Work can become pretty boring if you’re not feeling stimulated by what you’re doing. When you’re preparing to head back to work, list a few things that you want to learn or improve your skills in. This way, when you go back to work you’ll feel stimulated and interested in everything you are doing. If it’s difficult to improve your knowledge at work, why not expand your knowledge outside of working hours?
Lists can help you get your head together and feel more organised after a bit of time off work. Start with listing things you need to do today, then list your larger tasks for the week, the month, and so-forth. Having short term daily to-do lists and longer term lists are a great way to organize yourself and work out your schedule.
Move those “I don’t want to” priority assignments to the top of your list and get them done. Maybe you need to call some clients about late payments or tell a junior admin you manage that he needs to improve. When you finish unpleasant tasks like these, a weight will be lifted and you’ll have nothing but positive work ahead of you.
This may already be one of your personal resolutions, but it’s also valuable to your productivity at work. Even little actions like drinking more water can help you feel more alert at the office.
Take your breaks:
It’s easy to write off break time when you’re busy, but it will only contribute to burnout. Make sure you’re giving yourself time to recharge. This means stepping away from your computer periodically and going outside when you can.
Match work to your natural rhythms:
Try to coordinate challenging tasks with the times you are likely to be at your best. If you’re a morning person, for example, don’t start by going through your emails. Instead, tackle that big thought piece and leave the emails for when you’re in a slump. If you have a regular meeting that’s always a bit flat, hold it at a different time of day. If your boss seems on their best form in the afternoon, approach them with your ideas then
Your top resource at work is your time, so work out who and what you need to spend yours on in order to achieve your goals. At the beginning of each week, decide on three things you want to achieve by Friday, as well as a few people you want to have spent some time with. If you hold steady to your plan, you’ll stand a much better chance of achieving at least some of it.
Step away from the smartphone:
If you’re angry or upset at work, do not make any calls or write any emails, at all, to anyone. An emotional email or call will only cause you more repair work further down the line when you have to apologise or rebuild a broken relationship. Leave the work environment, do something you enjoy for an hour, and wait until you are totally calm before acting. If you can, leave things overnight. If you have to respond there and then, keep things factual.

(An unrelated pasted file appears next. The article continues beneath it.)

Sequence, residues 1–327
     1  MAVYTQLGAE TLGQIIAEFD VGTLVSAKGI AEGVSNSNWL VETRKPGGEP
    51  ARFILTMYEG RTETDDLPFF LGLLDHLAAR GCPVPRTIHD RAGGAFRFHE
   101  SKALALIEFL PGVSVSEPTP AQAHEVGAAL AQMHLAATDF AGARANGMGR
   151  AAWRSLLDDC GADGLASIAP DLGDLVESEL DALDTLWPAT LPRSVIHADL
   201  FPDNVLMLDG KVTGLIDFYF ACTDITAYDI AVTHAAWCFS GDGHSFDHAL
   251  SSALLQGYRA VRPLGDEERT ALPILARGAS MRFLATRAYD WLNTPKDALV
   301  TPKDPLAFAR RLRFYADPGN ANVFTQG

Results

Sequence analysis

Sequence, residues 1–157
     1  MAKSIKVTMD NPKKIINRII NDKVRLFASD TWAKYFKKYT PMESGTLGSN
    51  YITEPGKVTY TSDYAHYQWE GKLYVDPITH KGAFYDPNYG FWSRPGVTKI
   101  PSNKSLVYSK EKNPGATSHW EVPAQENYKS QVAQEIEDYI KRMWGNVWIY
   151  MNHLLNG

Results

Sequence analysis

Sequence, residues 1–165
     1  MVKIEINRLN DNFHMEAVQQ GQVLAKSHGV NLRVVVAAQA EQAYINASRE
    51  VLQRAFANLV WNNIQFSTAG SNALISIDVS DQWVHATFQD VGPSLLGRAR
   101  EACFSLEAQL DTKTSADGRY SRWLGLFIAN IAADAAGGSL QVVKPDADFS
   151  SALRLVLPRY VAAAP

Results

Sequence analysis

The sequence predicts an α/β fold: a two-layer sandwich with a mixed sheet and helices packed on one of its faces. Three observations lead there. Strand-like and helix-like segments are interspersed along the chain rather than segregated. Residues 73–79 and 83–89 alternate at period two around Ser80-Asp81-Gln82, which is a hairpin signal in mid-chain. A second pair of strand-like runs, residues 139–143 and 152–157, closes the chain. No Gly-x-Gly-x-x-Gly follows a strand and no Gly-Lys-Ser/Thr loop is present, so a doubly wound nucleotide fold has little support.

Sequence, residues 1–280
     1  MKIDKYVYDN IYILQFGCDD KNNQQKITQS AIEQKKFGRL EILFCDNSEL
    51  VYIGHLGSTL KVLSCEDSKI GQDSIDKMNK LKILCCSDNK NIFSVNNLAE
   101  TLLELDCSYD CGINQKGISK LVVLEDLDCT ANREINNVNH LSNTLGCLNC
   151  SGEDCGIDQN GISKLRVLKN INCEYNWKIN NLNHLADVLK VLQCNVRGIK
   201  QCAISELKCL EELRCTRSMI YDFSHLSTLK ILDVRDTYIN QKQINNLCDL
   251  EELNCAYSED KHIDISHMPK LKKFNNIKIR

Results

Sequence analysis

Learn how to play nicely:
No one wins when there’s friction in the workplace, so make an effort to get along with all your co-workers. This might mean congratulating a colleague on a job well done, or you could find something you can all share outside work – a company sports team, choir or exercise group, perhaps. Finally, laugh more. People who smile and laugh at work are more engaged in their jobs.
Focus on what you like and ramp it up:
Consider the things you love about your job, then ask your boss if you can do more of them. Try not to be nervous about asking; your boss usually wants you to succeed, especially if it will make him or her look good, too. Each day, write down three things you’re grateful for. Gratitude for the good parts of your job will give you the strength to ride out the difficult parts.
Workaholics aren’t heroes. They don’t save the day, they just use it up. If all you do is work, you’re unlikely to make sound judgements. No one makes sharp decisions when tired. Forty hours is an astonishingly apt ceiling for sustainable productivity. Stop trying to raise it, and instead start thinking about how to make each hour count for more. It’s the constraint of time that provides the creative context for clever solutions. Embrace constraints.
Embrace our culture shift, it’s 2016:
The world is a very different place from our parents’ generation. You and your partner are and will be building your world together, so make sure you really are doing it together. Constantly communicate to ensure that your partner understands how he or she can support you in achieving your blend, and if a big challenge occurs in your family, discuss how you can work collaboratively. Try as hard as you can to see things from one another’s point of view.